With so many men and women’s skincare products out there, is this simply marketing gibberish, or do we actually need to separate skincare by gender?
by Napat Siriyium
It’s not uncommon to stroll around drugstores and see that there’s a clear disparity between men’s and women’s skincare products. All labels, colors, benefits and even prices sometimes scream, “These are made for women/men only.”
Many brands offer separate product lines for men and women, whether it’s moisturizers or acne cleansers, with the latter frequently costing significantly more than the former, especially when compared to generic products. Yet, if you’re still wondering whether there are any extra benefits worth spending some extra cash on, here’s what you need to know:
Are there any differences between men’s and women’s skin?
Testosterone determines male skin traits and makes them distinct from that of women. Typically, male skin is thicker, oilier and matures differently than female skin.
According to Eucerin’s dermatologists, dividing male skin traits into three following categories might help you see a clearer picture:
In terms of thickness, male skin is around 20% thicker on average than female skin; it has more collagen and therefore appears tighter and firmer. Plus, male skin’s collagen content decreases at a steady rate.
Compared to men, women’s skin suffers later in life, particularly after menopause. As a result, their skin thins more severely and is more likely to wrinkle faster than men’s skin.
It is a fact that men have more sebaceous gland activity; their pores and sebaceous glands are larger than those in women.
Since men produce twice as much sebum as women do, their skin naturally appears oilier and glossier. This makes the skin more acidic and more prone to acne than female skin. Because of this oily layer, male adults are less likely to suffer from dry skin than female adults.
Even though men’s skin shows the first signs of aging later on in life, once the process begins, it progresses more rapidly.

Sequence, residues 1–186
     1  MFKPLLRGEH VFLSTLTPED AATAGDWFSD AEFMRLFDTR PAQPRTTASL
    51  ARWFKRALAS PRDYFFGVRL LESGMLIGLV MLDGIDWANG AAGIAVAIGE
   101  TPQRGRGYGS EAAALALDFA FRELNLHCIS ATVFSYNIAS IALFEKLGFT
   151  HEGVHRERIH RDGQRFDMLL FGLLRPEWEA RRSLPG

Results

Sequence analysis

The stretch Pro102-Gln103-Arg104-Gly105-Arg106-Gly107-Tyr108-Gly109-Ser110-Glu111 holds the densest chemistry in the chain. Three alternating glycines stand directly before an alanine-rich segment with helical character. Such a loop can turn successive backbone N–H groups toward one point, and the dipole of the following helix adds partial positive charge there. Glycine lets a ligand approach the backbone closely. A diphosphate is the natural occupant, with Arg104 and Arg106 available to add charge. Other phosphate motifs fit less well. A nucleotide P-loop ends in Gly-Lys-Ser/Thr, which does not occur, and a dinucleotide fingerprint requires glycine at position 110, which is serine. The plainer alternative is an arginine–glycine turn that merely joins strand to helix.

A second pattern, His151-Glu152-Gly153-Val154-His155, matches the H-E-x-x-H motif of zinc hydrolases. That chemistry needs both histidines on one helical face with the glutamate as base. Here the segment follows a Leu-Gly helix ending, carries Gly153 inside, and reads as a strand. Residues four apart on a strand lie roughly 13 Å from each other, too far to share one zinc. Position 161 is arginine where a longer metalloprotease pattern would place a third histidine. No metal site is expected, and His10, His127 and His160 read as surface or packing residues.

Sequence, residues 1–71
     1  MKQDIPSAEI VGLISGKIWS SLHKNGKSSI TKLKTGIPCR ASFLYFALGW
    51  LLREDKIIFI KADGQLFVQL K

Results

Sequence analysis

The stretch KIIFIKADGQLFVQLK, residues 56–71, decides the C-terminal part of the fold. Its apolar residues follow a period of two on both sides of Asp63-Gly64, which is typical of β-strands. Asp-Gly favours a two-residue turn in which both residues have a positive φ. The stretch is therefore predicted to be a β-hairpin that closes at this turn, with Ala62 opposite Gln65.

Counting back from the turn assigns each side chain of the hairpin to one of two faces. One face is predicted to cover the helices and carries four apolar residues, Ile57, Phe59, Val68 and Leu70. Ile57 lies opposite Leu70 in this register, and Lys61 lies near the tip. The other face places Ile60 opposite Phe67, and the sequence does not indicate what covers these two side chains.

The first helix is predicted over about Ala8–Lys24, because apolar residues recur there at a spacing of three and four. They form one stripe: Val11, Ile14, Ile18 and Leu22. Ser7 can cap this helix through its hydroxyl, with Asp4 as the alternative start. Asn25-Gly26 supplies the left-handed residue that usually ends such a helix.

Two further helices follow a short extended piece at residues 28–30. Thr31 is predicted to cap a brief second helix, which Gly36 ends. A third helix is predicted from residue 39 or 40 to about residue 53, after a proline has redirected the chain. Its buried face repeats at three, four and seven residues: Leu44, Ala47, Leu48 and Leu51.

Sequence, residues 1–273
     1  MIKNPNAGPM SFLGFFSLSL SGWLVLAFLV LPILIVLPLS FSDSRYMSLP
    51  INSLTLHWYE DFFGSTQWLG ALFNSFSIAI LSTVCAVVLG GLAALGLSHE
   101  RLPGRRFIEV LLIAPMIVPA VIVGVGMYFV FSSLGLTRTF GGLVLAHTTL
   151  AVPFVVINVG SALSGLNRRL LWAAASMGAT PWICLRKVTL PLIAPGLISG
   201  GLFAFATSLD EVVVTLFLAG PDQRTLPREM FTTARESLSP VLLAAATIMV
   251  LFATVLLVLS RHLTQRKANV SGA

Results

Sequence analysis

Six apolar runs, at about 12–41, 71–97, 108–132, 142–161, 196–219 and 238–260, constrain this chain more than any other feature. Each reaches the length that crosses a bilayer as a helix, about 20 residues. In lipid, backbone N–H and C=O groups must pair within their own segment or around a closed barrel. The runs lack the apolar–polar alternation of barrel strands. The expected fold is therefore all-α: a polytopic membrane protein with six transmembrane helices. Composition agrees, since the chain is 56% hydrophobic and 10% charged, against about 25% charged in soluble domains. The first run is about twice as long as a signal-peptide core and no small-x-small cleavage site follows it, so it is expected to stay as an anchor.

Sagging skin, swollen eyes and dark bags under the eyes are the three most common characteristics of aged features in men. Men typically get deeper forehead wrinkles due to a myriad of reasons. It can be as simple as genetics, or how frequently they activate their facial muscles (do they frown a lot?). However, wrinkles still affect both men and women as a natural result of daily life, such as overexposure to the sun, lack of sufficient water intake and even vitamin deficiencies.
Every man shaves around 16,000 times throughout the course of their life. Thanks to this, their skin becomes more reactive and sensitive due to constant irritation and tension on the skin that might result from daily shaving. It strips away the protective layer of skin, revealing the more delicate, immature skin underneath.
Skin issues caused by shaving affect up to 40% of males. Younger, lighter-skinned men are more likely to be affected. Using a dull razor or not using enough shaving cream can cause nicks, cuts, razor burns razor bumps and scarring.
So, do men and women really need different skincare products?
Despite many differences between men and women, when it comes to the yes/no questions about whether we need different products for different genders, the answer is “not really,” according to Dr. Saxon Smith, a member of the Australasian College of Dermatologists.
Dr. Smith explained, “It has nothing to do with the skin that men (sometimes) don’t want the same aesthetics or scents and everything like that.”
Because our skincare requirements are determined more by age, lifestyle and genetics than by gender, even hormones can have an effect (increased estrogen and testosterone levels have been related to problems such as acne, for example).
Dr. Smith also said that many of us fall into the trap of buying a plethora of different skincare products due to the varied claims marketed in the package.
He claimed that if the skin is healthy and you just want to take care of it, all you need is a moisturizer that feels good, sunscreen to block ultraviolet A rays (the UV that causes aging) and anything with retinol or retinoids in it. Protecting yourself from the sun should be your top priority if you’re concerned about aging.
Smith concluded, “You can spend a lot of money on anti-blemish treatments, toners and the likes, but if you’re not applying sunscreen on your face, you’re just forever going to be fighting a losing battle.”
About the Author
Napat Siriyium is an editorial intern in eco-lifestyle at Impakter. She was from Bangkok, Thailand, and is currently studying at ESC Rennes School of Business in Rennes. She has loved to read and collect magazines since she was young, and she’s fond of visiting art galleries in Paris.
First published in Impakter. You can read the article here.
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